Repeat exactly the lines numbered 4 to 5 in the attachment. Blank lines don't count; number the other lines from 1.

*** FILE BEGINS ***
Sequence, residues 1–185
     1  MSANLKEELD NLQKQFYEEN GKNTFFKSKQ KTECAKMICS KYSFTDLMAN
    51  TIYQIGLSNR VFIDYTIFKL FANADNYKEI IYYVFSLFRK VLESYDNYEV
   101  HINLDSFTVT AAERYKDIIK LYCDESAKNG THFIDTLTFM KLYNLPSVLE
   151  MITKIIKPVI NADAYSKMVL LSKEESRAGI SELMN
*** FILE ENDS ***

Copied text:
   101  HINLDSFTVT AAERYKDIIK LYCDESAKNG THFIDTLTFM KLYNLPSVLE
   151  MITKIIKPVI NADAYSKMVL LSKEESRAGI SELMN